- SRB1 is also used to encapsulate NAS message if SRB2 has not been configured.
- SRB2 has lower priority then SRB1 and it is always configured after security activation
- SRB0 uses transparent mode RLC while SRB1 and SRB2 use acknowledged mode RLC.

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40. SRB Mapping
MasterInformationBlock UEInformationRequest
 Signalling radio bearer: N/A  Signalling radio bearer: SRB1
 RLC-SAP: TM  RLC-SAP: AM
 Logical channel: BCCH  Logical channel: DCCH
 Direction: E-UTRAN to UE  Direction: E-UTRAN to UE

SystemInformationBlockType1 DLInformationTransfer
 Signalling radio bearer: N/A  Signalling radio bearer: SRB2
 RLC-SAP: TM or SRB1 (only if SRB2 not
 Logical channel: BCCH established yet. If SRB2 is
 Direction: E-UTRAN to UE suspended, E-UTRAN does not
send this message until SRB2
RRCConnectionRequest is resumed.)
 Signalling radio bearer: SRB0  RLC-SAP: AM
 RLC-SAP: TM  Logical channel: DCCH
 Logical channel: CCCH  Direction: E-UTRAN to UE
 Direction: UE to E-UTRAN
Paging
 Signalling radio bearer: N/A
RRCConnectionSetup
 RLC-SAP: TM
 Signalling radio bearer: SRB0
 Logical channel: PCCH
 RLC-SAP: TM
 Direction: E-UTRAN to UE
 Logical channel: CCCH
 Direction: E-UTRAN to UE

RRCConnectionSetupComplete
 Signalling radio bearer: SRB1
 RLC-SAP: AM
 Logical channel: DCCH
 Direction: UE to E-UTRAN

RRCConnectionReconfiguration
 Signalling radio bearer: SRB1
 RLC-SAP: AM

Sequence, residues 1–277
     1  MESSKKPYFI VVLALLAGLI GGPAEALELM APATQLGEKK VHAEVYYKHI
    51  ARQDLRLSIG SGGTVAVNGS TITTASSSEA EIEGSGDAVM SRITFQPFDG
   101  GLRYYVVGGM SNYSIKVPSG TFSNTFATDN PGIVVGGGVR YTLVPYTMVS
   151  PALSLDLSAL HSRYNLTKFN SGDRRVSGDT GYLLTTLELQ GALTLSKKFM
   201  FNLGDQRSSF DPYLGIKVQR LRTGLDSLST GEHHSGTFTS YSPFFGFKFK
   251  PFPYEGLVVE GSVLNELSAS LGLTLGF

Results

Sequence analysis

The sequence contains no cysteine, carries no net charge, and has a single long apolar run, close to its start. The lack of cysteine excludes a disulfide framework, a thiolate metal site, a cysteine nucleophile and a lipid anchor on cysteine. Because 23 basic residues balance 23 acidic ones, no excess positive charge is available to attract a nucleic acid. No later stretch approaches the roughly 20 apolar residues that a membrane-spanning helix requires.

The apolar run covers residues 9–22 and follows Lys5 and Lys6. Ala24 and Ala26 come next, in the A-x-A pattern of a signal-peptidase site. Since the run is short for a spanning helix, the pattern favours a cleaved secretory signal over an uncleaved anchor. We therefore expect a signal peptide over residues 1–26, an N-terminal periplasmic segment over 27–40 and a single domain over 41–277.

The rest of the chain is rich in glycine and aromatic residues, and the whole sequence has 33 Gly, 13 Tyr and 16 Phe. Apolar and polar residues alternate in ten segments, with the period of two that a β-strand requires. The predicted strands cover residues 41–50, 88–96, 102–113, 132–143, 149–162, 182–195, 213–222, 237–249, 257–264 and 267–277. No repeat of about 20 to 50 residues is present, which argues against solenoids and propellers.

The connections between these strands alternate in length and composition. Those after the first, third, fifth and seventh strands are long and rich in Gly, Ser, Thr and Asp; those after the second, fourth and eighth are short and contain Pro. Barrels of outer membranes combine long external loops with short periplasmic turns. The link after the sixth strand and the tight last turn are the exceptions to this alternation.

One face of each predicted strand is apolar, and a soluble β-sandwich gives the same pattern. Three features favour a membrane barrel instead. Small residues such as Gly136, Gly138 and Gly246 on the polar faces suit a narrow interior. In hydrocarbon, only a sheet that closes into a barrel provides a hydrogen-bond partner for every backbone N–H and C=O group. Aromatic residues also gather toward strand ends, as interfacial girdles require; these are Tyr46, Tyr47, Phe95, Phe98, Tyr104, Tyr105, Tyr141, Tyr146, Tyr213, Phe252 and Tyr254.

 Logical channel: DCCH
 Direction: E-UTRAN to UE

MeasurementReport
 Signalling radio bearer: SRB1
 RLC-SAP: AM
 Logical channel: DCCH
 Direction: UE to E-UTRAN

MobilityFromEUTRACommand
 Signalling radio bearer: SRB1
 RLC-SAP: AM
 Logical channel: DCCH
 Direction: E-UTRAN to UE

UECapabilityEnquiry
 Signalling radio bearer: SRB1
 RLC-SAP: AM
 Logical channel: DCCH
 Direction: E-UTRAN to UE
41. Intercell Interferece Coordination - ICIC
- ICIC allows neighbouring eNodeB to exchange load information to help coordinate the use of both
uplink and downlink resources.
- ICIC is introduced to deal with interference issues at cell edge.
- ICIC mitigates interference on traffic channels only.
- ICIC uses power and frequency domain to mitigate cell edge interference from neighbor cells.

TYPES:

- No two neighbgour eNodeB will use same resource assignments for their UE. This improves cell Edge
SINR. The disadvantage is decreased cell throughput, Since full resource blocks are not being utilized.
- All eNodeB utilize complete range of resource blocks for centrally located users but for cell edge users,
no two neighbours uses the same set of resource block at a given time.